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First Generation Jet Fighters

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posted on Mar, 29 2006 @ 10:23 AM
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Heres a thread to the jets that started it all, Some even still fly today.

Gloster Meteor
www.hq.nasa.gov...

Messerschmidt 262
www.microsoft.com...

De Haviland Venom/Vampire
members.fortunecity.co.uk...

Lockheed P-80 Shooting Star, A pure 1950s classic
www.montaguemillennium.com...

The Vought F-7 Cutlass was a nice fighter design but crashed many times landing due to its very tall nose leg
www.military.cz...

The F-84 Thunderstreak is one of my favourite first jets, Superior to the
F-86 Sabre but never got the fame as it.

Look for the 'Thundermirages' on this site
www.ailes-militaires-belges.be...

Would the F-84 be a good ground attack plane for today?



[edit on 29-3-2006 by Browno]




posted on Mar, 29 2006 @ 11:22 AM
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you`ve missed possibly the greatest first generation jet of them all.


the MiG-15

www.aviation-central.com...

it took several upgrades to the sabre to match it



posted on Mar, 29 2006 @ 12:17 PM
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The first two jety fighters were pigs, the Me 262 had awful engines and the Meteor was a crappy design, you could have made a decent fighter if you'd combined the Messerschmitt airframe with Rolls Royce engines


The first jets fighters 'worth having' were the P-80 and Vampire, the fiorst ones with performance and reliability that were a genuine advance on the piston fighters of the era.

As for the Sabre, Harlequin, that is not really true. The F-80 and F-84 were thoroughly outclassed by the MiG 15 but the appearance of the F-86 in service redressed the balance in America's favour and the F-86 could match the MiG 15. The advantage was almost exclusively down to the superior wing design of the Sabre which has gone down in history as one of the most perfect fighter aircraft wings EVER designed, right up alongside the Spitfires wing. This wing was fitted from the start.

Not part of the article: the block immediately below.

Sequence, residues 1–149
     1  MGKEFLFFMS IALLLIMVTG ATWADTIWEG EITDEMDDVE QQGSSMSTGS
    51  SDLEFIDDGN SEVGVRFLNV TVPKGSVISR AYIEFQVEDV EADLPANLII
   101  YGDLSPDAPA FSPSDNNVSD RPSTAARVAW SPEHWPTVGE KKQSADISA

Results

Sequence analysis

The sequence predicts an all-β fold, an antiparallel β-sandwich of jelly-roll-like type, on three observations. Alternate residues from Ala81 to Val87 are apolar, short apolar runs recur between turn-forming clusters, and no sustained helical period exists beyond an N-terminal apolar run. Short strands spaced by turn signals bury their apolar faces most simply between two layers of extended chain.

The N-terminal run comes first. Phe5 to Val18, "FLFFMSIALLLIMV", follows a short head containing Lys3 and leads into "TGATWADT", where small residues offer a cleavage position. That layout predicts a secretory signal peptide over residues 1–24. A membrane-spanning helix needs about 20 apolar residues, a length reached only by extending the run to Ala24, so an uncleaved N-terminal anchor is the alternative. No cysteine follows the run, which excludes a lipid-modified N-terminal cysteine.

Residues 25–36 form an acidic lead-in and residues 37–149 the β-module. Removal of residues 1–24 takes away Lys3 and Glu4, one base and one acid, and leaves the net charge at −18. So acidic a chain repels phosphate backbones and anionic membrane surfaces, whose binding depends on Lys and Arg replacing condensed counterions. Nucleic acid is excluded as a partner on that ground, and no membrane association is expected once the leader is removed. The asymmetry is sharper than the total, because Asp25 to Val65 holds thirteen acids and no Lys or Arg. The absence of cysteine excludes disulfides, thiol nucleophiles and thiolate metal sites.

For example (from the Jet Revolution by Jerry Scutts (Putnam, 2000);


...The soundness of the F-86's design became apparent when the first USAF squadrons clashed with MiG 15's over Korea, as the Sabre was the only fighter able to take on the Koreans on equal terms...



[edit on 29-3-2006 by waynos]



posted on Mar, 29 2006 @ 12:53 PM
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From Russia with love...

Mig 9:


Yak 17/23:


La-15:


and from Sweden...
J-21:


J-29:



posted on Mar, 29 2006 @ 01:20 PM
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The MiG 9 shown in planemans post was another pig, a truly awful aeroplane.

Far superior was the Sukhoi Su 9 (see pic below). However Stalin felt it looked too much like the Me 262 and so the 'unique' MiG 9 was ordered into production instead.

The Su-9's resemblence to the Me 262 is extremely tenuous and is more to do with the engine nacelles than anything else but there ya go, its like people thinking the J-10 looks like the F-16.






posted on Mar, 29 2006 @ 01:29 PM
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When these planes were 'state-of-the-art' technology, I was about 10 years old and just loved the look of them. I still do today.
Back then, I would spend hours dreaming of flying them or drawing lots of pictures. (no doubt they are the reason I'm an artist today).

Great thread...I'm loving it.